Job openings slide to 8.7 million in October, well below estimate, to lowest level since March 2021

 Job openings tumbled in October to their lowest in 2½ years, a sign that the historically tight labor market could be loosening.

Employment openings totaled 8.73 million for the month, a decline of 617,000, or 6.6%, the Labor Department reported Tuesday. The number was well below the 9.4 million estimate from Dow Jones and the lowest since March 2021.

The decline in vacancies brought the ratio of openings to available workers down to 1.3 to 1, a level that only a few months ago was around 2 to 1.

Federal Reserve policymakers watch the report, known as the Job Openings and Labor Turnover Survey, closely for signs of labor slack. The Fed has boosted interest rates dramatically since March 2022 to slow the labor market and cool inflation and is contemplating its next policy move.

While job openings fell dramatically, total hires only nudged lower while layoffs and separations were modestly higher. Quits, which are seen as a measure of worker confidence in the ability to change jobs and find another one easily, also were little changed.

Teenagers' mathematics and reading skills are in an unprecedented decline across dozens of countries and COVID school closures are only partly to be blamed, the OECD said on Tuesday in its latest survey of global learning standards.

The Paris-based Organisation for Economic Cooperation and Development said it had seen some of the steepest drops in performance since 2000 when it began its usually triennial tests of 15-year-olds' reading, maths, and science skills.

Nearly 700,000 youths took the two-hour test last year in the OECD's 38 mostly developed country members and 44-non members for the latest study, closely watched by policymakers as the largest international comparison of education performance.

Compared to when the tests were last conducted in 2018, reading performance fell by 10 points on average in OECD countries, and by 15 points in mathematics, a loss equivalent to three-quarters of a year's worth of learning.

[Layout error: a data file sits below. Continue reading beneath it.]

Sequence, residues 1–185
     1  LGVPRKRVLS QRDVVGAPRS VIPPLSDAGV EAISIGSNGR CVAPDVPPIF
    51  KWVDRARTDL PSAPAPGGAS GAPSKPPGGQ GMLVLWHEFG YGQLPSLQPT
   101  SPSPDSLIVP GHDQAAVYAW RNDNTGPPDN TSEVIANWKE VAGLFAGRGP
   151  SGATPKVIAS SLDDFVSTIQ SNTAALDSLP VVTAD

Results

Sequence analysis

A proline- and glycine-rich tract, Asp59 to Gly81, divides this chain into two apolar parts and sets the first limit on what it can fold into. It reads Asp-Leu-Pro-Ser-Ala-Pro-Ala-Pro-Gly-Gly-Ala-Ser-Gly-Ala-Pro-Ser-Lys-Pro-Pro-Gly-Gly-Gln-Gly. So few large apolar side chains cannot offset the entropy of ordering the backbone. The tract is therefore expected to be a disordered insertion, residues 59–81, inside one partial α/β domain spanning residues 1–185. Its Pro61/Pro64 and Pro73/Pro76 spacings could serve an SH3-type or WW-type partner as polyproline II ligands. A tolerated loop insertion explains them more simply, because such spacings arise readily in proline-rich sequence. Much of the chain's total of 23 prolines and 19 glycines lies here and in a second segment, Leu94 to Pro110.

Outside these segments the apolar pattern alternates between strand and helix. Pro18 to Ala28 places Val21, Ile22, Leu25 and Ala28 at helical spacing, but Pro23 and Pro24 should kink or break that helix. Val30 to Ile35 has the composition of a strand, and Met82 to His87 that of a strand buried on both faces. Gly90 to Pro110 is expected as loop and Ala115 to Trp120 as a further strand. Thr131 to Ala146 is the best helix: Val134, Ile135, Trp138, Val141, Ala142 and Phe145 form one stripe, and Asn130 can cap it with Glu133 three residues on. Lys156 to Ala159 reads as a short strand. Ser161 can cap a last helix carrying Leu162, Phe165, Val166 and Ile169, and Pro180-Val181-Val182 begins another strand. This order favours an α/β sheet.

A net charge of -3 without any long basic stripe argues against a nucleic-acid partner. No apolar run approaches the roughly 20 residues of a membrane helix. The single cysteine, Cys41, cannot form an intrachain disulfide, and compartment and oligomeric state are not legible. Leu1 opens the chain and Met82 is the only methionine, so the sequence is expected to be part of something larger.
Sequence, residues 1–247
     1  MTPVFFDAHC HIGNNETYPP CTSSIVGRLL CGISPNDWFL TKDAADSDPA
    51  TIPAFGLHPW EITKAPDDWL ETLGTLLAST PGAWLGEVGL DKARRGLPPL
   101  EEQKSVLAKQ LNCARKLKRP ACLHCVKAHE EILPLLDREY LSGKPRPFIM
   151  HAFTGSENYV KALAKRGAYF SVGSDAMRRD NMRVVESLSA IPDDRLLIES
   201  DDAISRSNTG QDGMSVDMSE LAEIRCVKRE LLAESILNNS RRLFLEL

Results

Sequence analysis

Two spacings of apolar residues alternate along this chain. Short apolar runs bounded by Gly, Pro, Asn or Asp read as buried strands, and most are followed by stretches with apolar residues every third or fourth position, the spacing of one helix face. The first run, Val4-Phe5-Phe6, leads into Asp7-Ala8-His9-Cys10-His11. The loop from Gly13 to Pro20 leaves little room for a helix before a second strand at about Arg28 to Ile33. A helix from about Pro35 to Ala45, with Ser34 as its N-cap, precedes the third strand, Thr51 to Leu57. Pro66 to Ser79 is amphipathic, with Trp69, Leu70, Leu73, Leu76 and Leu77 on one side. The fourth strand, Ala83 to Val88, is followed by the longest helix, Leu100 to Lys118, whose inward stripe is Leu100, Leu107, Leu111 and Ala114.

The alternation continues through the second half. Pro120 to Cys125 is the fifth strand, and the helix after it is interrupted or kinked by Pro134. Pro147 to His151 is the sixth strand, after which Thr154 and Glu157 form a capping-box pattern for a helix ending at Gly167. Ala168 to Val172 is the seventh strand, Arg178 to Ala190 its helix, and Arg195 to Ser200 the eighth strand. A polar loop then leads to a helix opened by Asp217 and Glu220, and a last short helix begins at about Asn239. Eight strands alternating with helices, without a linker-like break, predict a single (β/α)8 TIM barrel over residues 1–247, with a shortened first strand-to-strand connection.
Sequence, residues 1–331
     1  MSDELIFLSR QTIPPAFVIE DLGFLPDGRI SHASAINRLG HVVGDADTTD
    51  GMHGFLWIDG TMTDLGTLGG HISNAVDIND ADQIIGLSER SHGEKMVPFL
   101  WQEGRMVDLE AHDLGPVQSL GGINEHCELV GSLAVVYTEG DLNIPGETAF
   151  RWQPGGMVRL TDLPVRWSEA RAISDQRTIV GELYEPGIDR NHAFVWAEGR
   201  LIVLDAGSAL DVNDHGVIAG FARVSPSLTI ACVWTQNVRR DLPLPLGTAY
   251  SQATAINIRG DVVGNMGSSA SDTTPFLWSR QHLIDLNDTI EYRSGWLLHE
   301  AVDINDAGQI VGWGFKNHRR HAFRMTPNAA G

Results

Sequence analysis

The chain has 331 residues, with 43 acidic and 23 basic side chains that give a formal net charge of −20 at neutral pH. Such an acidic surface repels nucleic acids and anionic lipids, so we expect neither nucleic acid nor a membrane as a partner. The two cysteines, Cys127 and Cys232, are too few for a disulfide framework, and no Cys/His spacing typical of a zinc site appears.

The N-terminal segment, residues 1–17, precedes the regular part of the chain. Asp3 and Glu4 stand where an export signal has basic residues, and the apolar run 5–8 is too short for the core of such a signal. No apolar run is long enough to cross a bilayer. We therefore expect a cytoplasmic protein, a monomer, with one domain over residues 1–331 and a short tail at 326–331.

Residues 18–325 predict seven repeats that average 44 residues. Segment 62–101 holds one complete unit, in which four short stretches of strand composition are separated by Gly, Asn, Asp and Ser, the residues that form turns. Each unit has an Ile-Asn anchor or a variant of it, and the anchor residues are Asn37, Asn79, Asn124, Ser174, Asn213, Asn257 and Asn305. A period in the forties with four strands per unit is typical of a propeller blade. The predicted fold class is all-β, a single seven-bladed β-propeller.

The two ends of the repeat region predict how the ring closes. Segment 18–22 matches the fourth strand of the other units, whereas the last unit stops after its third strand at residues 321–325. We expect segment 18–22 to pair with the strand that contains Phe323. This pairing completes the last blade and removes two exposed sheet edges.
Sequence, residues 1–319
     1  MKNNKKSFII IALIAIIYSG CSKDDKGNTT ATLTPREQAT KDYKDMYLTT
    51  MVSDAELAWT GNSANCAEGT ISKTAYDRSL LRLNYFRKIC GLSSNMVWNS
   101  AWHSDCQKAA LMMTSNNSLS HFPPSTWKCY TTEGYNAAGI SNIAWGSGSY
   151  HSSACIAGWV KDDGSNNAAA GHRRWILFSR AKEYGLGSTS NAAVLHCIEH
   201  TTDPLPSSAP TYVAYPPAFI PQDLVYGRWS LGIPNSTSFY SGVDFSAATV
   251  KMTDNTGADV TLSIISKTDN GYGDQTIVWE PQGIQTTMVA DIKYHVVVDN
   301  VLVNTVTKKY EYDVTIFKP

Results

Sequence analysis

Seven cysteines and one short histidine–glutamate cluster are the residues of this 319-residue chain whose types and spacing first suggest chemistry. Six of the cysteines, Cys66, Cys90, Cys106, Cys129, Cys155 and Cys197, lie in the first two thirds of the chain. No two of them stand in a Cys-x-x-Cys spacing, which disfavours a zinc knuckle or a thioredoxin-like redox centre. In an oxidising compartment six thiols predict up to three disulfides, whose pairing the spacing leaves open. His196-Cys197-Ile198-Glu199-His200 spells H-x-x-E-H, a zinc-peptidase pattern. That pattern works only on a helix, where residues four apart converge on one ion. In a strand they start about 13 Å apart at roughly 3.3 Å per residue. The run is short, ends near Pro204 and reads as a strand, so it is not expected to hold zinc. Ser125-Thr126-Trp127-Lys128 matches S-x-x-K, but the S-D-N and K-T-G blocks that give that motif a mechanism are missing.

Reuters Graphics
Reuters Graphics

While more than half of the 81 countries surveyed saw declines, Germany, Iceland, the Netherlands, Norway, and Poland saw particularly sharp drops in mathematics scores, the OECD said.

On average across the OECD, one out of four 15-year-olds tested as a low performer in maths, reading, and science, which means they could not use basic algorithms or interpret simple texts, the study found.

"COVID probably played some role but I would not overrate it," OECD director of education Andreas Schleicher told a news conference.

"There are underlying structural factors and they are much more likely to be permanent features of our education systems that policymakers should really take seriously."

Countries that provided extra teacher support during COVID school closures scored better and results were generally better in places where easy teacher access to special help was high.

Poorer results tended to be associated with higher rates of mobile phone use for leisure and where schools reported teacher shortages.

The OECD said the decline was not inevitable, pointing to Singapore, where students scored the highest in maths, reading, and science, with results that suggested they were on average three to five years ahead of their OECD peers.

After Singapore, Macau, Taiwan, Hong Kong, Japan, and South Korea also outperformed in maths and science, where Estonia and Canada also scored well.

In reading, Ireland, Japan, South Korea, and Taiwan earned top marks and were all the more notable in Ireland and Japan because their spending per student was no higher than the OECD average.

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